I was reading the other day the Land Surveying and GIS Revisited: An Unnecessary Drama post in GIS Lounge and I am sorry but I don’t get it. I mean, I agree with what the article says, that it IS an unnecessary drama but I don’t understand why there was a drama in the first place. This of course may be down to my ignorance of how the Land Surveying and GIS professions work in the US so please bear with me.
So Land Surveyors think that GIS people play with coloring books… Right….
I still don’t get it.
You see, what I don’t understand is WHY all this press seems to point to a hard line distinction between a “Land Surveyor” and a “GIS Professional”. I am not saying that ALL Land Surveyors “do” GIS, or that everyone that works with GIS is a Land Surveyor, but isn’t GIS a tool that different professions -from Surveyors to Environmental Engineers to Marketing professionals use to help them in their day-to-day jobs? A tool rather than a profession on its own? And isn’t a “GIS Professional” someone that uses GIS within a specific realm? And yes, of course there are those who started with a undergrad degree in GIS and they are the ‘vanilla’ GIS professionals if you like, but I still can’t see why Land Surveyors will look down on them so to speak.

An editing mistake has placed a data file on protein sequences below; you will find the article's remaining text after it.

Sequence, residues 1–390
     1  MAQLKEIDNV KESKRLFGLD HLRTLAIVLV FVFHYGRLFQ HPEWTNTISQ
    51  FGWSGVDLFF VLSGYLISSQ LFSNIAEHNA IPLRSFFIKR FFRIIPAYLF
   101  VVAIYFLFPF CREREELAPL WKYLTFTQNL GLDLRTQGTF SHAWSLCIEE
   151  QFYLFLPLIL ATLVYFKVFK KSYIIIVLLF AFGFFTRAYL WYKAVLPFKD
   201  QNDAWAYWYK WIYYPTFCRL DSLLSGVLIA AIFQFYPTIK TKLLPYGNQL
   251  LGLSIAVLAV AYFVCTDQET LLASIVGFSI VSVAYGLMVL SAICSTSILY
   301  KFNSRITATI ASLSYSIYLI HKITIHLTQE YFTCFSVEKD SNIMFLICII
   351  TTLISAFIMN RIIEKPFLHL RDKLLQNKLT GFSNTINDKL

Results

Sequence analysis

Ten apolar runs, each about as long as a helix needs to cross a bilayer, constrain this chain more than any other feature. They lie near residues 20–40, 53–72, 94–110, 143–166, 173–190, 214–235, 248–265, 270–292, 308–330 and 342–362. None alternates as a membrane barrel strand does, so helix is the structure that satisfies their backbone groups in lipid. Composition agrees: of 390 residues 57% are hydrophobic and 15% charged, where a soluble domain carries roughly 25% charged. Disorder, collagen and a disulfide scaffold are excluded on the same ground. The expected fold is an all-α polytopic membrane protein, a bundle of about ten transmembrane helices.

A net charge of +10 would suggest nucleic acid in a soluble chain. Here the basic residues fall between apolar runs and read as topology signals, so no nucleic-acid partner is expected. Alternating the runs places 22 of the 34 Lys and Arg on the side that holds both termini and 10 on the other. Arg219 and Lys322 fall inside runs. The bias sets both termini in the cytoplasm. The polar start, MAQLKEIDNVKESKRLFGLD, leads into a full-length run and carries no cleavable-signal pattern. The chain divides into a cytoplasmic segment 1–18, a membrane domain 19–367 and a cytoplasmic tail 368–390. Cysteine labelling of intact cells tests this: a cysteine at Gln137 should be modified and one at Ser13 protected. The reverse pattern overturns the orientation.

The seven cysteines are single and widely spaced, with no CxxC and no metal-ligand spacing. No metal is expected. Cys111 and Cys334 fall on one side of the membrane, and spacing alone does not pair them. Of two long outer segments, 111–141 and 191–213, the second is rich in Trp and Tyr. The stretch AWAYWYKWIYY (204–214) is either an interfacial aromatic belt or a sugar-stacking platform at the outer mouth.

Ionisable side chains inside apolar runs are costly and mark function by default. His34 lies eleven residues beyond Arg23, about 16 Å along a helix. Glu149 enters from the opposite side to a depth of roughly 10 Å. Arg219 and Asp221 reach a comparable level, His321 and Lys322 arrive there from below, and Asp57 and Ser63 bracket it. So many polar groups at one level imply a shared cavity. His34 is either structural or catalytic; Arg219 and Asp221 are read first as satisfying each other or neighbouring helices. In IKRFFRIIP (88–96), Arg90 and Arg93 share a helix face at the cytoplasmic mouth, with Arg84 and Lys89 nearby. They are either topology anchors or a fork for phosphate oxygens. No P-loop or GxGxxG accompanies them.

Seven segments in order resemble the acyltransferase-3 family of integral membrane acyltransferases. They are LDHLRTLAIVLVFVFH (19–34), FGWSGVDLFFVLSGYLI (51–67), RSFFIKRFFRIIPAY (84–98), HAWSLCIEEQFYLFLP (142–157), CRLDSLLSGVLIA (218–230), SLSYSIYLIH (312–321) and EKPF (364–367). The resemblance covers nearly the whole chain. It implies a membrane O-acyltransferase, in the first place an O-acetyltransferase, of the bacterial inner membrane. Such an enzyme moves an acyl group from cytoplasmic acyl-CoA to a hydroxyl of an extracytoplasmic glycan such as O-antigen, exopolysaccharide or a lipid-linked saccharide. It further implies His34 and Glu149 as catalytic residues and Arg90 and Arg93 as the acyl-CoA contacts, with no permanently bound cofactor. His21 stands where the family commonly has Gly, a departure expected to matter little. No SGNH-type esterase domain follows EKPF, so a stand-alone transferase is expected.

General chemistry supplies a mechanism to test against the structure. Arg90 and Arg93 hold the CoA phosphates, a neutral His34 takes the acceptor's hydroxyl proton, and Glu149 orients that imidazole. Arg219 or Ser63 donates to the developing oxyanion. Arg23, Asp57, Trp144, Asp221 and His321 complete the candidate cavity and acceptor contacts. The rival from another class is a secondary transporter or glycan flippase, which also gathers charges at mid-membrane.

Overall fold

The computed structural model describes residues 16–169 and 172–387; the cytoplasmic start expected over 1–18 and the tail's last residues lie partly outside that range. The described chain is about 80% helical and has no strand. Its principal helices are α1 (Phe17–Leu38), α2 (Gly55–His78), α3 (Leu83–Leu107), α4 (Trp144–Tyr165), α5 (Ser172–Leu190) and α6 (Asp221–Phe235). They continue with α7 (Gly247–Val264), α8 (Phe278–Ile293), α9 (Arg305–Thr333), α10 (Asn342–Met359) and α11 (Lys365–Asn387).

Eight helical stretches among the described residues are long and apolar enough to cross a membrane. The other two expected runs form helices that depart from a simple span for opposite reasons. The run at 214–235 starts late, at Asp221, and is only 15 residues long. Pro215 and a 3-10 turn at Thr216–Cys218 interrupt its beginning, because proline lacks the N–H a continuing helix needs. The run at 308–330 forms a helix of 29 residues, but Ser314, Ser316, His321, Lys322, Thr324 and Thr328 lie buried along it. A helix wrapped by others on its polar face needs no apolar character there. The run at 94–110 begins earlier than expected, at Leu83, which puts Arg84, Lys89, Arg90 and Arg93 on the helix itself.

On the posts I mentioned above, the grudge seems to focus around cadastral issues and how a GIS-only person cannot show someone’s legal boundary data on a GIS map. What if the ‘GIS Map’ and the parcel layer is actually constructed from ground topographic measurements? Why is that not accurate? And what if that GIS person is also a Surveyor?
Obviously, if I show someone a Google map and draw on top his/her property boundary by just following the lines I see on the map and then tell him he/she can use it as evidence on a court case, I should be shot on site. This is just ignorance. But if the GIS I am using includes cadastre data which by definition is accurate, then what’s the problem?
This is something that is used quite a bit here in Greece; Public-facing GIS ran by the City Councils allow users to download boundary data for planning applications. And data IS accurate. And in the majority of cases, these systems are ran by Surveyors.
So as I said in the beginning, the GIS and Land Surveying professions might work somewhat different between the various countries and these discussions are US-focused for which I now very little about but I think there are some fixed constants.
I can’t see the reason of any dramas or “epic battles”. I would be grateful if someone would enlighten me
Disclosure: I have a 5-yr Surveying Engineer’s degree and an M.Sc in GIS. I would call myself a GIS professional rather than a Surveyor.